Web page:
Highlight here was the Alcazar. I should note we used the audio guide in English & it was fine. Be sure to allow time to walk around the gardens. Also took a couple English walking tours from Sevilla Walking Tours. They were fine, but not memorable. Best advice from tour – in the old section of Santa Cruz, the maps don’t list all the streets & you will get lost – so just expect it. Of course, after the Cathedral tour, you must walk up the Giralda Tower for the view. This is not as hard as it might seem because there are no steps – only ramps.

Saw flamenco at two different places - Casa de la Memoria de Al-Andalus was the best. The room had only 3 rows of chairs all around so you could really see well. Las Carboneras is a bar with flamenco & no cover charge. Unfortunately, the night we went, their show was late & very short.

Best restaurant was Vineria San Telmo. They had a great selection of tapas in a relaxed outdoor setting for reasonable prices.

Daytrip to Cordoba
Went by train for a day. Really enjoyed this trip, not for any specific thing as much as for the overall atmosphere. It was fun to walk through the old medieval streets. The Mezquita was amazing, though we haven’t seen the Alhambra for comparison. Maybe next trip. We also enjoyed visiting the old synagogue and Sephardic House Museum. (Hint, if you are Jewish, skip the English tour. The guide is really bad and it’s geared to people who know nothing about Jewish customs and traditions.)

More on the Train
All our travel between cities was by train and it was great. As others have commented, dealing with the Renfe website to buy tickets from the U.S. is painful. Search here or on tripadvisor for directions. However, riding the trains, especially the high speed ones is much more pleasant than taking planes. All the trains were on time – I heard that they actually refund your ticket if it’s more 10 min late. They are clean and comfortable and have free movies. Also, it’s nice to see the countryside.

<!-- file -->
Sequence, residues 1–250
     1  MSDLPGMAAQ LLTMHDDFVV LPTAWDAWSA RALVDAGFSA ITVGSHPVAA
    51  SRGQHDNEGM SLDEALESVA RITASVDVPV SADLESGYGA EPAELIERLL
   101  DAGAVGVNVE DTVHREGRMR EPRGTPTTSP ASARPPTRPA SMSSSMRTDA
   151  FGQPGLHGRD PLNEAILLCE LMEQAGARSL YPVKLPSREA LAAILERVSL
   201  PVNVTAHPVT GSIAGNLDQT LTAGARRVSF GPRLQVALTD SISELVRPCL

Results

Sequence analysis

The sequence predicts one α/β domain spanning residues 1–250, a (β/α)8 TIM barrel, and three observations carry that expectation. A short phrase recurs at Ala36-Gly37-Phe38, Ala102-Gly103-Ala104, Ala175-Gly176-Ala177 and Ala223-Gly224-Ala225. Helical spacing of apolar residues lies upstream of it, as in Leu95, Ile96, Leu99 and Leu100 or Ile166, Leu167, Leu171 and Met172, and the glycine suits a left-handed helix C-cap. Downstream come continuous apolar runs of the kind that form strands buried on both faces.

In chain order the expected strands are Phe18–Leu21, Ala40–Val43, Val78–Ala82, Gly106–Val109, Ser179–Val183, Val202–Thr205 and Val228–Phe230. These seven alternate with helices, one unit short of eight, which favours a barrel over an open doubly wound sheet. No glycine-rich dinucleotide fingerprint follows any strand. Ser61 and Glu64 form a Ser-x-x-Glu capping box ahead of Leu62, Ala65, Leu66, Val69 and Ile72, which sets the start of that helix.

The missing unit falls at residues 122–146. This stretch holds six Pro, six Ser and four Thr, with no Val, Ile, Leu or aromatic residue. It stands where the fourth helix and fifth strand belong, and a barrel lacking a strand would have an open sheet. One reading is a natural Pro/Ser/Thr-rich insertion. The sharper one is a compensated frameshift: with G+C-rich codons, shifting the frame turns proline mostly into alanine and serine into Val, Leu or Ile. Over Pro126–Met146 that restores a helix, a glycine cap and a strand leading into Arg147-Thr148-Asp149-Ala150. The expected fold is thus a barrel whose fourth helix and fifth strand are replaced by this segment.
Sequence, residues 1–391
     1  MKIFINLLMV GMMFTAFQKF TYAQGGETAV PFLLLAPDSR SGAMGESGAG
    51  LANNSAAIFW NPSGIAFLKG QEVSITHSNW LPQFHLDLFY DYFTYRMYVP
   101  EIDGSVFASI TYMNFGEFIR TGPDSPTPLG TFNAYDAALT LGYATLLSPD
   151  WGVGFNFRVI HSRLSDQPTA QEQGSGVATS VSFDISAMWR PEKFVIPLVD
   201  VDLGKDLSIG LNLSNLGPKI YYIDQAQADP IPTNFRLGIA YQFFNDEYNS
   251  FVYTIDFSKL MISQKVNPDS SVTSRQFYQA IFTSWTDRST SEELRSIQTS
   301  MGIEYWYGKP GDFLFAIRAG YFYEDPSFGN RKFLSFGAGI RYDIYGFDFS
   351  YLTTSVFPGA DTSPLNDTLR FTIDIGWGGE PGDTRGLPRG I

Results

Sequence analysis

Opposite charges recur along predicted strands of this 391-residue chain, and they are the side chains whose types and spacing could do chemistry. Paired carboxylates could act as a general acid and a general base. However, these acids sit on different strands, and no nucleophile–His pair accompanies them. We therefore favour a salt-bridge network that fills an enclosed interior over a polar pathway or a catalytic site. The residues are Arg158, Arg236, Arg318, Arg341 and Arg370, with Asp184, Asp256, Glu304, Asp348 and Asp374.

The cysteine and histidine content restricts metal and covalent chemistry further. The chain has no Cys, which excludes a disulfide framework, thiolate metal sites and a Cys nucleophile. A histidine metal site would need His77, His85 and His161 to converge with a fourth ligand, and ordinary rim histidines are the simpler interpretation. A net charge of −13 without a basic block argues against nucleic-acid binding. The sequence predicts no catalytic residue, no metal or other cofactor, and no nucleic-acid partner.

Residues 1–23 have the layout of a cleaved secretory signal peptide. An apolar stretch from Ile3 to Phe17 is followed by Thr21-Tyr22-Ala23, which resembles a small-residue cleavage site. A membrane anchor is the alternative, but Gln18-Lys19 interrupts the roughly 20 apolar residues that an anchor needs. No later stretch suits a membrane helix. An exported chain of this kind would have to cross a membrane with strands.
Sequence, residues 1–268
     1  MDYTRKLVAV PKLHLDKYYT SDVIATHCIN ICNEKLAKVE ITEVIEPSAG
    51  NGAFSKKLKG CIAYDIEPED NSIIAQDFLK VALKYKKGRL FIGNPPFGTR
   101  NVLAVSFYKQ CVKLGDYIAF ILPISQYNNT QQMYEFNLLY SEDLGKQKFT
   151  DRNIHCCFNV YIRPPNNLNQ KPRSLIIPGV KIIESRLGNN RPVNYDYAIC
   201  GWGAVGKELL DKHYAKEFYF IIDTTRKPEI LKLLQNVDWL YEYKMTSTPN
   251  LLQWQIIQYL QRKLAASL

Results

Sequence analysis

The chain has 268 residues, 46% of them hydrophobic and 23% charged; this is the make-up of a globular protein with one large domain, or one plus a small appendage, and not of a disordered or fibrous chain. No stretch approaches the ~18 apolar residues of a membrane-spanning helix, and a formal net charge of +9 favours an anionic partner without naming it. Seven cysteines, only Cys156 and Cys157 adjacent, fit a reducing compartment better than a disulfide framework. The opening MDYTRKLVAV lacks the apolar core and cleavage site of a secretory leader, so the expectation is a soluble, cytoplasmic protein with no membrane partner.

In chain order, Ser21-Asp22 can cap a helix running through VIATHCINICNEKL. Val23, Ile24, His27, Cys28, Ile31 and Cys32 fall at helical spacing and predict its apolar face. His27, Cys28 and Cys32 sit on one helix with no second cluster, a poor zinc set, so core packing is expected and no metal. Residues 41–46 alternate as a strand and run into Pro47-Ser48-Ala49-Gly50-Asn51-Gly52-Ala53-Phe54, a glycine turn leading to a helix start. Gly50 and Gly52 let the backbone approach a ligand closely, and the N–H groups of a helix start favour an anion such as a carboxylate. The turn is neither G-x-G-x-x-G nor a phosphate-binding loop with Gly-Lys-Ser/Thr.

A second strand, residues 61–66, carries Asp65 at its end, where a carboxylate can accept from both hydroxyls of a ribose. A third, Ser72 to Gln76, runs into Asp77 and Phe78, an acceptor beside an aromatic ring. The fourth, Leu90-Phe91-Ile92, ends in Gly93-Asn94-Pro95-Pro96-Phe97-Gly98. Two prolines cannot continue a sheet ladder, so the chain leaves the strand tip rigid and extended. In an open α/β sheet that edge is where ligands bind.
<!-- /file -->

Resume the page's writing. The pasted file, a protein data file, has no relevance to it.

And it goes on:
Still to come….Madrid
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Old Nov 5th, 2010, 01:19 PM
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We really liked the Alcazar in Seville, too. We ended up spending much more time there than expected, including a good bit of time strolling the gardens.

Our only flamenco stop was at Las Carboneras. The show was late but quite lengthy. It was just a guitar player and a singer, and they were fantastic.

Thank you for taking the time to write a trip report. It's always lovely to read these!
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Old Nov 10th, 2010, 05:09 PM
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Madrid
We were here 4 and a half days. It was fine, but had less character than the other places. Seemed more like any big modern city. Also, the biggest attractions are probably the museums. Neither DH or I are very interested in art and the other museums often had labels only in Spanish. Oh well. I will say I was very impressed with their Metro system – everything worked well all the time, which is more than I can say about our local system in Washington, DC.

Stayed at Hotel Europa. It’s a relatively small modern hotel right off Puerta del Sol. This is a great location. There is a major Metro stop right there and lots of restaurants within walking distance. Also, it seemed like there was always something going on in the plaza – a band playing, skaters doing tricks, a magician etc. The rooms aren’t fancy, but are larger than a lot of hotels in Europe. Also, the front desk staff was extremely helpful – we were always asking them questions. Can’t tell you how many directions they gave us or things that they checked for us on the internet.